Whether you work in a nail salon or visit one for a manicure or pedicure, be knowledgeable about the steps you can take to protect yourself. For further information about nail salon hazards and a complete guide to protecting your health and preventing injury in the workplace, check out OSHA’s guide here.

Join us for a Hepatitis Awareness Month Twitter Chat!

Join Hepatitis B Foundation, NASTAD and CDC’s Division of Viral Hepatitis for a Twitter HepChat at 2 p.m. (ET) Thursday, June 13th. The chat will highlight Hepatitis Awareness Month outreach events and allow partner organizations to share their successes, challenges and lessons learned from their efforts. Keep us posted with your events throughout the month with the hashtag #Hepaware19 and remember to join the Twitter Chat conversation with the hashtag #HepChat19.

Continue reading "Join us for a Hepatitis Awareness Month Twitter Chat!"

Hepatitis Delta: Flying Under the Radar in the U.S.

As of 2019, the Centers for Disease Control and Prevention (CDC) requires over 100 diseases, infections and conditions – including hepatitis A, B and C – to be reported by state and local health departments. Physicians who diagnose these conditions, and diagnostic laboratories, are required to report confirmed and/or suspected cases to health departments, who then notify the CDC. This requirement allows the government to monitor disease patterns and track outbreaks to contain the spread of disease and protect the public. While all other forms of viral hepatitis are federally ‘reportable’, hepatitis delta cases are not required to be reported. Hepatitis delta is the most severe form of viral hepatitis, and spreads similarly to hepatitis B; through blood and sexual fluids, making it a public health threat, particularly for the 2.2 million people who already have hepatitis B in the U.S.

Hepatitis delta can only be contracted along with hepatitis B or after someone is already infected with hepatitis B. Acute cases can cause liver damage and even liver failure, and in chronic cases, can accelerate the rate of liver disease progression, as there are no effective treatments available. Although estimated to affect 5-10% of hepatitis B patients, hepatitis delta is severely underdiagnosed, leaving the true disease burden largely unknown in the U.S. and worldwide.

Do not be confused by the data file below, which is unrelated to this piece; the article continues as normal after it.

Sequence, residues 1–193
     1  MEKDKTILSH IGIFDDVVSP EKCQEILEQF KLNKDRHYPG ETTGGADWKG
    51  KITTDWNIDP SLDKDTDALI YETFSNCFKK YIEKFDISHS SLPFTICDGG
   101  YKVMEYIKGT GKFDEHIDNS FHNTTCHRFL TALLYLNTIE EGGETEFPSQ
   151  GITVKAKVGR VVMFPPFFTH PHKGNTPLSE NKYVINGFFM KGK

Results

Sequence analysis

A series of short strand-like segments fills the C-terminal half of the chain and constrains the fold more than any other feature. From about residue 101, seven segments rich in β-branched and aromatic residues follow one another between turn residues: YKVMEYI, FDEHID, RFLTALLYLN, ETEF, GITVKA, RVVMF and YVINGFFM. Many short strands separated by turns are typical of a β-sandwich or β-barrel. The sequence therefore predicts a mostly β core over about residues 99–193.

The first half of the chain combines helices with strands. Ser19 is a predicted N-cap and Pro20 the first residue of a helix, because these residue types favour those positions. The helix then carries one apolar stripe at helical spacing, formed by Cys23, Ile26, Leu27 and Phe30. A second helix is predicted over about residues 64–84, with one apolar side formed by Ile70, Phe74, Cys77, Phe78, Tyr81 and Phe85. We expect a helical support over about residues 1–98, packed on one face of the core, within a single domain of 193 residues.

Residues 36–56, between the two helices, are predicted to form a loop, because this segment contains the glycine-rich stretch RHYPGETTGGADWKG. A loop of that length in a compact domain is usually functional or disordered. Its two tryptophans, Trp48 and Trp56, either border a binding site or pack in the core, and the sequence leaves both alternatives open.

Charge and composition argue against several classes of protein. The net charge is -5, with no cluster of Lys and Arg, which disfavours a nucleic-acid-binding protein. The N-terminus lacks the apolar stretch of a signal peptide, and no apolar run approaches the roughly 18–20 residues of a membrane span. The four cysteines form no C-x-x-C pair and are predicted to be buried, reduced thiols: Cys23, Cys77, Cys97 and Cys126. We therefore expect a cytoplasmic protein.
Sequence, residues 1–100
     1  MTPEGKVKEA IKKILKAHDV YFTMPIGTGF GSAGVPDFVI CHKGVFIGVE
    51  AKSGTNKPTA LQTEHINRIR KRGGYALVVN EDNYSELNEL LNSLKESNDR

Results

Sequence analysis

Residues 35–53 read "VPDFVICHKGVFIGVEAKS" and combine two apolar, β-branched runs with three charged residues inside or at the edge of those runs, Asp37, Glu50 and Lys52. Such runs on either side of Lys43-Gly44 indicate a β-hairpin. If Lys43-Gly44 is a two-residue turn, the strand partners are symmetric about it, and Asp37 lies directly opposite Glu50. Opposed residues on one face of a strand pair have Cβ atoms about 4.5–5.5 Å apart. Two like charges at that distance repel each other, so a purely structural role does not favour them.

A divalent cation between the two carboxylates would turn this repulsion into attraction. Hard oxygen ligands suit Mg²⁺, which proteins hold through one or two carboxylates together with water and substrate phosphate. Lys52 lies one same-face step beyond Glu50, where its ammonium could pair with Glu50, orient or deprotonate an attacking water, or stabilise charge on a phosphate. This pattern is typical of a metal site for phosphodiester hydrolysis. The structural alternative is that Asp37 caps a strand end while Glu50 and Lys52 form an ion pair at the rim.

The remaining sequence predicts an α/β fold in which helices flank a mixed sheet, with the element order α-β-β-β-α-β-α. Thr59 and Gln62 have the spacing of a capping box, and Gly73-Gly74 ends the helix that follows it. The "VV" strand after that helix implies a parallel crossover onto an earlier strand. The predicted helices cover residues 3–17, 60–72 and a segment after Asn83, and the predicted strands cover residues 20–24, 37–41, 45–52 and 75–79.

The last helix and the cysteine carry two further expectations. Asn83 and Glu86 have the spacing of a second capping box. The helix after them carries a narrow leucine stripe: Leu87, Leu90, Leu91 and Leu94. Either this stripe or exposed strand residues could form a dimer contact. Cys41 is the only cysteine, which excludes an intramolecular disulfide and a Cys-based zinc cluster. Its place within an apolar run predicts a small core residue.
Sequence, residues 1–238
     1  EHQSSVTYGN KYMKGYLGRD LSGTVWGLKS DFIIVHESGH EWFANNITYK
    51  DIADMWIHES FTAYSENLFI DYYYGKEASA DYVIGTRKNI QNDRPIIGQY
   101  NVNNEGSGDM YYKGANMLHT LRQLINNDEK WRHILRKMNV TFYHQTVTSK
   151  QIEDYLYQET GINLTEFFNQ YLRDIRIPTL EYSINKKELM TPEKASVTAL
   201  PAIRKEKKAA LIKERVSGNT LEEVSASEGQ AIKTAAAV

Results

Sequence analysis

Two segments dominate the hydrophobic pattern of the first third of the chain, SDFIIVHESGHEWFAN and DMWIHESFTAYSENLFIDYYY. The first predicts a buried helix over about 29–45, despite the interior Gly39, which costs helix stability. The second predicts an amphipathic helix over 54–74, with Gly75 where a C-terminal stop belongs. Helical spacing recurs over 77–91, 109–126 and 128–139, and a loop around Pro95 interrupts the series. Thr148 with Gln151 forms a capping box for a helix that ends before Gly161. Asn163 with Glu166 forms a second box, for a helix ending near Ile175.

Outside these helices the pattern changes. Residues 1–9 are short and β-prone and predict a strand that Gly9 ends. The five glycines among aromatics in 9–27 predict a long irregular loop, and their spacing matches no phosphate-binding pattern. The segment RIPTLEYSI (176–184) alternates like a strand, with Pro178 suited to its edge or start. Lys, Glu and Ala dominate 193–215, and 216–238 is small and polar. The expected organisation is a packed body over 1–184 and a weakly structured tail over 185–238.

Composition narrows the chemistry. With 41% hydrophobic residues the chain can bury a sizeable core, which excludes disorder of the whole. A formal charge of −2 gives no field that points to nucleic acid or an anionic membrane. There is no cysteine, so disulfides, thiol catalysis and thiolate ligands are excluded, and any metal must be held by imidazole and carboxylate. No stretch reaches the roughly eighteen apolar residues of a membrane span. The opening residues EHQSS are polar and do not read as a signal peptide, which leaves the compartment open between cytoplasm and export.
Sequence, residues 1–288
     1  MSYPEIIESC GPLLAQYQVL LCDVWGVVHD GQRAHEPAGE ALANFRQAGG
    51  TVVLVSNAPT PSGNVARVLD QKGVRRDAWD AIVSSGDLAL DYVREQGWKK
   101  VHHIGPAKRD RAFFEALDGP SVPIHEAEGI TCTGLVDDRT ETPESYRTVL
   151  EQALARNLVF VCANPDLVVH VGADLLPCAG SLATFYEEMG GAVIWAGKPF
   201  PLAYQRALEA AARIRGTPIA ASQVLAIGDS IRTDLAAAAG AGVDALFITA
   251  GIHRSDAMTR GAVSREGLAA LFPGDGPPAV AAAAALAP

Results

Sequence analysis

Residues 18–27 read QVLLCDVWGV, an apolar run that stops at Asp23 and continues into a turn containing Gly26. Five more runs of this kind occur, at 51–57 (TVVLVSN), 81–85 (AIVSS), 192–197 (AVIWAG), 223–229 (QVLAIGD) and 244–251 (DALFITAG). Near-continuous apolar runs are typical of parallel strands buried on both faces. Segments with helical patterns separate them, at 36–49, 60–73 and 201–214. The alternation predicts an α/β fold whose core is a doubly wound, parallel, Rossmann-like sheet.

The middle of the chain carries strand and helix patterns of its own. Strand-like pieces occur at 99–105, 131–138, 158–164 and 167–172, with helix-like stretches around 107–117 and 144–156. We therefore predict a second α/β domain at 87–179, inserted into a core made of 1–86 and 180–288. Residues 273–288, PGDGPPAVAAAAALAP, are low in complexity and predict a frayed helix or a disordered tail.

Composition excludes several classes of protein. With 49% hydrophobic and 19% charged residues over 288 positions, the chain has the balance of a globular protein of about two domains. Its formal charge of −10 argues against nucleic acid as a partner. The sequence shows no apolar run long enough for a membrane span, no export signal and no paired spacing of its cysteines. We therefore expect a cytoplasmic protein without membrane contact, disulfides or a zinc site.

In conjunction with awareness efforts, adding hepatitis delta as a reportable disease could reveal a more accurate prevalence landscape of hepatitis B and delta coinfection and allow for more effective prevention efforts. The CDC asserts that “reporting of cases of infectious diseases and related conditions has been and remains a vital step in controlling and preventing the spread of communicable diseases,1” yet hepatitis delta has still been left out of the list of nationally reportable diseases. While notifying CDC is only voluntary2, 23 states have designated hepatitis delta infections as reportable to local and state health departments, allowing for surveillance of outbreaks, particularly relevant to the current nationwide opioid crisis.

Worchester, Massachusetts, which is currently experiencing a hepatitis A outbreak, also saw one of the worst hepatitis delta outbreaks in the country in the mid 1980’s. The infection was seen among drug users and their sexual partners, sickened 135 people, and killed 15. In those infected with hepatitis B, delta coinfection was present in 54% of drug users and 33% of their sexual partners3
. Interestingly, in Massachusetts, only labs (and not clinicians) are required to report hepatitis delta cases. The reporting requirement allowed the state to be alerted of a spike in cases and respond accordingly – a luxury many other states may not have if neither labs nor clinicians are required to report in their state.

Some states are even scaling back their surveillance; in 2016, New York State removed hepatitis delta from their list of reportable diseases, citing just 21 cases in a two-year period and a health code that asserts a “providers obligation” to “report unusual manifestations of novel strains of hepatitis.”4. Although hepatitis delta is more common outside the U.S., there is evidence to suggest persistent and even growing prevalence. A 2016 prevalence map presented by Eiger BioPharmaceuticals revealed New York City as a “hot-spot” for hepatitis delta cases5. Although more recent prevalence studies are sparse, and often include only small sample sizes, several have noted increases in hepatitis delta coinfection among certain groups. One study in Baltimore, published in 2010, compared blood samples from drug users in the 1980’s to samples obtained from 2005-2006 – and found a 21% increase in hepatitis delta coinfection among people already chronically infected with hepatitis B6. A 2015 study analyzed the blood records of 2,100 hepatitis B positive veterans – nearly 4% were coinfected7. A larger study, analyzing chart records of 500 chronic hepatitis B patients in California found that 8% of patients had a delta coinfection8. Another 2018 publication utilized data from 2011-2016 from the National Health and Nutrition Examination Survey (NHANES) and estimated there to be over 350,000 Americans with past or current hepatitis delta9.